Hence, China has settled for a more nuanced but internationally popular stand which has three distinct strands. At one level, China is opposed to any external intervention in the internal affairs of the Arab countries that face domestic turmoil. Such a stand not only revolves around the inviolability of the state sovereignty but also precludes any external say in domestic issues facing China.
Second, China is opposed to any military settlement to the problem. Its abstention during the UN Security Council vote on Libya for a no-fly zone was largely due to the unanimous demands by the Arab League and African Union. Led by the US, the west has used Resolution 1973 to engineer a regime change in Libya. Learning from this experience, China began opposing any vaguely worded UNSC resolutions vis-à-vis Syria.
Three, China recognizes that the stalemate in many Arab countries regarding the future course of action. Even where the unpopular leaders were removed, the political process remains uncertain and in some cases, more violent. Expressing an explicit preference for any of the contesting groups, thus, is not an option for China. Therefore, its leaders have been advocating a political settlement based on an inclusive dialogue among all parties to the dispute. This approach is more vividly demonstrated in the case of Syria. Less vocal than Russia in support of the Assad regime, China has been demanding an inclusive political process as the best means of resolving the crisis.
In the past, much of China’s foreign policy calculations have been governed by its core interest of maintaining strong relations with the US. Despite disagreements over the controversy surrounding Iranian nuclear programme, Beijing has been accommodative of the US and supported various sanctions against Iran. Similar approach however has been absent over Syria.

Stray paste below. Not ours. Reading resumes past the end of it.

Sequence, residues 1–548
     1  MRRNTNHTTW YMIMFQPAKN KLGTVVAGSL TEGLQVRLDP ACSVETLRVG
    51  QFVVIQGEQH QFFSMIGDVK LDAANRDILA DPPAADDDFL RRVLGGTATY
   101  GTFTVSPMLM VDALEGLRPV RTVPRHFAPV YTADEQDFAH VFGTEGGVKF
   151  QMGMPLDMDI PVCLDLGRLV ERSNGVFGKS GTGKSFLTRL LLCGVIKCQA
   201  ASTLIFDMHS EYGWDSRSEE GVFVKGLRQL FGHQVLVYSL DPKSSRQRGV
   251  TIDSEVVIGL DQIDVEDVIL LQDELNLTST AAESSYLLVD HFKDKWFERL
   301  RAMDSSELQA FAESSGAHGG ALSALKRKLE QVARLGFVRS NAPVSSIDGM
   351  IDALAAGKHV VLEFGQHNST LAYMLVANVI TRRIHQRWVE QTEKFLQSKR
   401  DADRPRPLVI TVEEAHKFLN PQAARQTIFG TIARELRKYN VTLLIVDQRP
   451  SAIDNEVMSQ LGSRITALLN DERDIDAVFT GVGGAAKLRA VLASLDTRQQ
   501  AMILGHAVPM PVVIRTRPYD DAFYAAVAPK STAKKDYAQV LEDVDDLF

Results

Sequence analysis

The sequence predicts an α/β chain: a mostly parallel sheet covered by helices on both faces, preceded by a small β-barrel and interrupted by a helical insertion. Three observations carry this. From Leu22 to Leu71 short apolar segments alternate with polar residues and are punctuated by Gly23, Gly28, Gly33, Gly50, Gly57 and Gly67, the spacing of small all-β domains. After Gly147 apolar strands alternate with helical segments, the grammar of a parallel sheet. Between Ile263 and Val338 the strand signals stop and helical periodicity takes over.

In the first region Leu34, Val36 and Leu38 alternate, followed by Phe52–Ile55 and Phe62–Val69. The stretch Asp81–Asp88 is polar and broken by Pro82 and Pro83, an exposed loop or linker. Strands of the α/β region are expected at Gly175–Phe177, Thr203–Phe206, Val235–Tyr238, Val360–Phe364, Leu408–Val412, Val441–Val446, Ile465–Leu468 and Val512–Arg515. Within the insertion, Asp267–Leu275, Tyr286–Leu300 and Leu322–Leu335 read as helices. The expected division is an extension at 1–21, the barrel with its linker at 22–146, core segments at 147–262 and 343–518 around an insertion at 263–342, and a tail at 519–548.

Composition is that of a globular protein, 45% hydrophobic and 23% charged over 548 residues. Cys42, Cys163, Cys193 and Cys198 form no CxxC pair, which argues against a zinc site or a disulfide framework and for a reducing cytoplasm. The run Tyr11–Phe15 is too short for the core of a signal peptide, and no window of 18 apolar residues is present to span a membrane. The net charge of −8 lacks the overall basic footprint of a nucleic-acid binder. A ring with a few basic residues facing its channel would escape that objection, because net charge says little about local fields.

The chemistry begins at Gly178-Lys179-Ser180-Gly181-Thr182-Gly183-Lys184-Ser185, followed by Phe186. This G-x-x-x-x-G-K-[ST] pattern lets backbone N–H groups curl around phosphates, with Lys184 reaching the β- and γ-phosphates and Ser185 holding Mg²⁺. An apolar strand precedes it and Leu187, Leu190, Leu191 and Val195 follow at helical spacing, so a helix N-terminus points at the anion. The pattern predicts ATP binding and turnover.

Though following Russia in the UNSC, China’s concerns are different. The Syrian situation highlights some of China’s principal concerns vis-à-vis Arab Spring, namely, political instability, Islamist resurgence and potential disintegration of that country. There are other issues as well. The wobbling American policy regarding the Arab Spring, especially the Syrian crisis, raises doubts about the wisdom of China reaching an understanding with the Obama administration. Having declared the use of chemical weapons as his redline, Obama ended up settling for a face-saving exit strategy.
Furthermore, unlike Russia, China is more concerned about state sovereignty and territorial integrity of Syria and their possible ramifications for issues such as Tibet, Taiwan Strait or Xinjiang. It is in this wider context, one has to read China’s largely passive response to the Arab Spring. Moreover, its principal interests in region, namely energy security, revolves around the Persian Gulf and so long as countries such as Saudi Arabia, Qatar and Kuwait, its principal Arab suppliers manage to weather the storm, China could afford to play a second fiddle to Russia regarding Syria.
Note: This article was earlier published in China Policy Institute Blog of University of Nottingham on 3 October and is reproduced here with permission. Web Link
Professor P R Kumaraswamy is Honorary Director of MEI@ND.
As part of its editorial policy, the MEI@ND standardizes spelling and date formats to make the text uniformly accessible and stylistically consistent. The views expressed here are those of the author and do not necessarily reflect the views/positions of the MEI@ND. Editor, MEI@ND: P R Kumaraswamy